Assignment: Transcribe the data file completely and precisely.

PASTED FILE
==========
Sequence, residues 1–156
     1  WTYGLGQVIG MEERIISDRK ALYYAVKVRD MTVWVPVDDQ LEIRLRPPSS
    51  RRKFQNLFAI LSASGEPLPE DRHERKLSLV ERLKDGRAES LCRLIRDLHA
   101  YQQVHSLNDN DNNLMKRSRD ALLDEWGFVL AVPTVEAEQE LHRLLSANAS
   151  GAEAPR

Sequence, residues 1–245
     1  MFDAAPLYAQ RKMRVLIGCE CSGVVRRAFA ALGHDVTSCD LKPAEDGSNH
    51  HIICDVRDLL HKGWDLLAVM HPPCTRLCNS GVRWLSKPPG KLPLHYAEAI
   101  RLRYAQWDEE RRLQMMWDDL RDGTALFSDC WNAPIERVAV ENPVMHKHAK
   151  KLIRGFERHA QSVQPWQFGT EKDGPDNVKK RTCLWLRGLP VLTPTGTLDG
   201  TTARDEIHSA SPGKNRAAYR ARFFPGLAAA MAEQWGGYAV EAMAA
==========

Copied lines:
Sequence, residues 1–156
     1  WTYGLGQVIG MEERIISDRK ALYYAVKVRD MTVWVPVDDQ LEIRLRPPSS
    51  RRKFQNLFAI LSASGEPLPE DRHERKLSLV ERLKDGRAES LCRLIRDLHA
   101  YQQVHSLNDN DNNLMKRSRD ALLDEWGFVL AVPTVEAEQE LHRLLSANAS
   151  GAEAPR

Sequence, residues 1–245
     1  MFDAAPLYAQ RKMRVLIGCE CSGVVRRAFA ALGHDVTSCD LKPAEDGSNH
    51  HIICDVRDLL HKGWDLLAVM HPPCTRLCNS GVRWLSKPPG KLPLHYAEAI
   101  RLRYAQWDEE RRLQMMWDDL RDGTALFSDC WNAPIERVAV ENPVMHKHAK
   151  KLIRGFERHA QSVQPWQFGT EKDGPDNVKK RTCLWLRGLP VLTPTGTLDG
   201  TTARDEIHSA SPGKNRAAYR ARFFPGLAAA MAEQWGGYAV EAMAA